Radiohead drummer Philip Selway steps out with ghostly, understated solo debut

With a handful of exceptions — namely, Dave Grohl — outside projects from drummers in successful rock bands are usually a bad idea, and that includes Don Henley. And the Eagles, for that matter.

It does not, however, include Radiohead’s Philip Selway.

Selway knows the deal: “It’s a cardinal sin for drummers to come in to rehearsals with the comment ‘I’ve got this song!’” he cracks in the press notes for his solo debut, “Familial” (Nonesuch).

That makes sense when your band boasts a principal songwriter as talented as Thom Yorke, but Selway demonstrates on “Familial” that he’s no slouch, either.

It’s a ghostly record, full of whisper-quiet songs Selway was inspired to record after his mother died in 2006. It’s elegiac, then, but softly optimistic too — an album he says is less about grieving than “that process of having everything shaken up.” (NPR streams the record here.)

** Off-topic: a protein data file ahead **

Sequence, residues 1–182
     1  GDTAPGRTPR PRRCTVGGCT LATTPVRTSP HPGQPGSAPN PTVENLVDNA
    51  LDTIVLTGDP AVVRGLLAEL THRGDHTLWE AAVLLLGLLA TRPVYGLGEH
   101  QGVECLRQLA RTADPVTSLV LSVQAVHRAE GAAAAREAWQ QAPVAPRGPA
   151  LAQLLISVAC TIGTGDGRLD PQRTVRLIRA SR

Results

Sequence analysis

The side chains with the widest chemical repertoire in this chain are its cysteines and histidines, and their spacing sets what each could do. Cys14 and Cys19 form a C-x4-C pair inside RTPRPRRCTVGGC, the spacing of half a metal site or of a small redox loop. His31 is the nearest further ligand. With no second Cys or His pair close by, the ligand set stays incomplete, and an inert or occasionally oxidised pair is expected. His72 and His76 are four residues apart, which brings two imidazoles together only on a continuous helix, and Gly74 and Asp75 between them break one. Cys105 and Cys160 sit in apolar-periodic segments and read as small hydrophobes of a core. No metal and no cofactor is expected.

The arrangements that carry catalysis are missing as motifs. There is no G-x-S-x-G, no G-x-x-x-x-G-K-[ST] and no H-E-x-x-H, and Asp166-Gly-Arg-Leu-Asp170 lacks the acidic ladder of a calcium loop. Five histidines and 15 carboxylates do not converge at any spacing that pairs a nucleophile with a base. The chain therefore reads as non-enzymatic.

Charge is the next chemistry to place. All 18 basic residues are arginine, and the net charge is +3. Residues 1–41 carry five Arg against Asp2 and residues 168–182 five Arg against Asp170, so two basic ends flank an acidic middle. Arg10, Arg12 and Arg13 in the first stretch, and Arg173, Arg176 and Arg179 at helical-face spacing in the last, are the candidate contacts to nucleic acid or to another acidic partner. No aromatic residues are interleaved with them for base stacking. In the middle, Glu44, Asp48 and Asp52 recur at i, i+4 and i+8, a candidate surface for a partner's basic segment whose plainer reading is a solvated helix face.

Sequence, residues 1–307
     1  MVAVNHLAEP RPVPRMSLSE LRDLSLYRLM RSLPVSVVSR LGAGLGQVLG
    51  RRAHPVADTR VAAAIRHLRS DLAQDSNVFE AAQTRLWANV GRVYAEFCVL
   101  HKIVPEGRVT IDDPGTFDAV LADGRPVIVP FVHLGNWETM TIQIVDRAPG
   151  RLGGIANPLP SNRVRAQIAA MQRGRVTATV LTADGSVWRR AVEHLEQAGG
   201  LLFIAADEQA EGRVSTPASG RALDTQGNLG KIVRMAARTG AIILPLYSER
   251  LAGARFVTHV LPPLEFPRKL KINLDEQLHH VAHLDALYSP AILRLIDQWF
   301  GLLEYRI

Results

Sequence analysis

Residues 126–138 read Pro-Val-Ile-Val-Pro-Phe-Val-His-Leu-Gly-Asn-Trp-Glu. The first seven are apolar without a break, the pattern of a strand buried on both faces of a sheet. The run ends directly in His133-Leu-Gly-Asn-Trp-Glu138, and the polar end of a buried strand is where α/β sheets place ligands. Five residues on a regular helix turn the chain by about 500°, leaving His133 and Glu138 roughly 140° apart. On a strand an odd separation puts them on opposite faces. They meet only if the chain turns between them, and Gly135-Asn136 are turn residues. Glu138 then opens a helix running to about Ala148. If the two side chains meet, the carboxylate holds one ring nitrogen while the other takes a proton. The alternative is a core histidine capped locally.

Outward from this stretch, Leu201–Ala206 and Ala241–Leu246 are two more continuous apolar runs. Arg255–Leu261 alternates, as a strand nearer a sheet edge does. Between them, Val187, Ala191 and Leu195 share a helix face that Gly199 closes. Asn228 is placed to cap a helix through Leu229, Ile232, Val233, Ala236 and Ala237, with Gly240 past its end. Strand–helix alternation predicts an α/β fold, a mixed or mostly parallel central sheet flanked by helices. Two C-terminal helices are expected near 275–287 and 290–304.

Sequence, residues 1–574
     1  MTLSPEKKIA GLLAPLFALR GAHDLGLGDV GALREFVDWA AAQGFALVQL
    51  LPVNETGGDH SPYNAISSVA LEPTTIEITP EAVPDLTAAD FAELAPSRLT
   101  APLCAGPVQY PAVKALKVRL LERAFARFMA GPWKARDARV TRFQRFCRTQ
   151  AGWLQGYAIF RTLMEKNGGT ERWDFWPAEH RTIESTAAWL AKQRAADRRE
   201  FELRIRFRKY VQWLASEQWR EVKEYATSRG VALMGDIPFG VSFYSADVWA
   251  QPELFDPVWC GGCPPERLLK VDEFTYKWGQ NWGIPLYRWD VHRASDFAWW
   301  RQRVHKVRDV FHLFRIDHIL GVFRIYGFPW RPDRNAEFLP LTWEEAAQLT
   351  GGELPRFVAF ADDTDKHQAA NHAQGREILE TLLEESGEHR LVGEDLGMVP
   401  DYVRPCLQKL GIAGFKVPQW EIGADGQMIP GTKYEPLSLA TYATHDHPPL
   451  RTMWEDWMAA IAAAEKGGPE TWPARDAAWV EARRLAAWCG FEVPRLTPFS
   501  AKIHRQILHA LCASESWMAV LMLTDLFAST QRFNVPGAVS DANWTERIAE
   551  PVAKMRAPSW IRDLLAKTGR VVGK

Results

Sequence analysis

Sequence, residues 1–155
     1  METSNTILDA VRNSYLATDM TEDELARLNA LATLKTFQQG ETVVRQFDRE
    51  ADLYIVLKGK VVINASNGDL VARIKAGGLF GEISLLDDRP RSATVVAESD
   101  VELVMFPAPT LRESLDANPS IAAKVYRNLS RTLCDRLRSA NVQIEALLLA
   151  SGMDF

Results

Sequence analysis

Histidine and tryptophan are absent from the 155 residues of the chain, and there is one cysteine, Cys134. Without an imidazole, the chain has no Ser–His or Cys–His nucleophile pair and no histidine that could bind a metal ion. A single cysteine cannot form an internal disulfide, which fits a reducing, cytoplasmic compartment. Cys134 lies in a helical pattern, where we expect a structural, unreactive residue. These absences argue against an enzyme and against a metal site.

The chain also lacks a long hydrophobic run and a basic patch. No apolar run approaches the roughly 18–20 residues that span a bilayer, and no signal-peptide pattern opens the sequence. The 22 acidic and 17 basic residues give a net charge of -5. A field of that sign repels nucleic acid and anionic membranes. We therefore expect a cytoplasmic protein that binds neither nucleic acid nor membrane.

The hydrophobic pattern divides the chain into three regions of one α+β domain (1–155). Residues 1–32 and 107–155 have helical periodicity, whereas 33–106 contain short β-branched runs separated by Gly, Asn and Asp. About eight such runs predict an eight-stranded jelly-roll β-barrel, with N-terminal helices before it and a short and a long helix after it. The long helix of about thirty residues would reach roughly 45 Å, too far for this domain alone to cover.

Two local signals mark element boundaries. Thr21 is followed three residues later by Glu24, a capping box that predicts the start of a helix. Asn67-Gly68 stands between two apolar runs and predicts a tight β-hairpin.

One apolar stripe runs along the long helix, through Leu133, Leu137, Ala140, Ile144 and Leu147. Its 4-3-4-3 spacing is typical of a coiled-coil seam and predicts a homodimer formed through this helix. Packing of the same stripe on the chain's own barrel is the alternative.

The songs reflect that sentiment in subtle ways. His lyrics focus on elements of family: his mother, of course, and also his wife and children and the emotional and blood ties that unite them. Recorded with Lisa Germano, Soul Coughing bassist Sebastian Steinberg and Wilco members Glenn Kotche and Pat Sansone Most of the songs are built around acoustic guitar and close-miked vocals, with understated musical textures and minimal percussion that often comes from loops.

The simplicity lends added weight to the damp, crackling electronic noise that bubbles up through “Beyond Reason,” or the somber strings on “Falling” that gleam with the faint brightness of wet leaves beneath a full moon. Selway murmurs a serene vocal melody on “Don’t Look Down” as dissonant piano rolls distantly beneath a droning organ, building to a scratchy, enveloping  blanket of sound that includes loose, clanking percussion like rummaging through a box of hinges.

It’s a beautiful song from a musician who demonstrates on this elegant and assured solo debut that his musical persona extends far beyond the drum parts on “OK Computer.”

— Eric R. Danton

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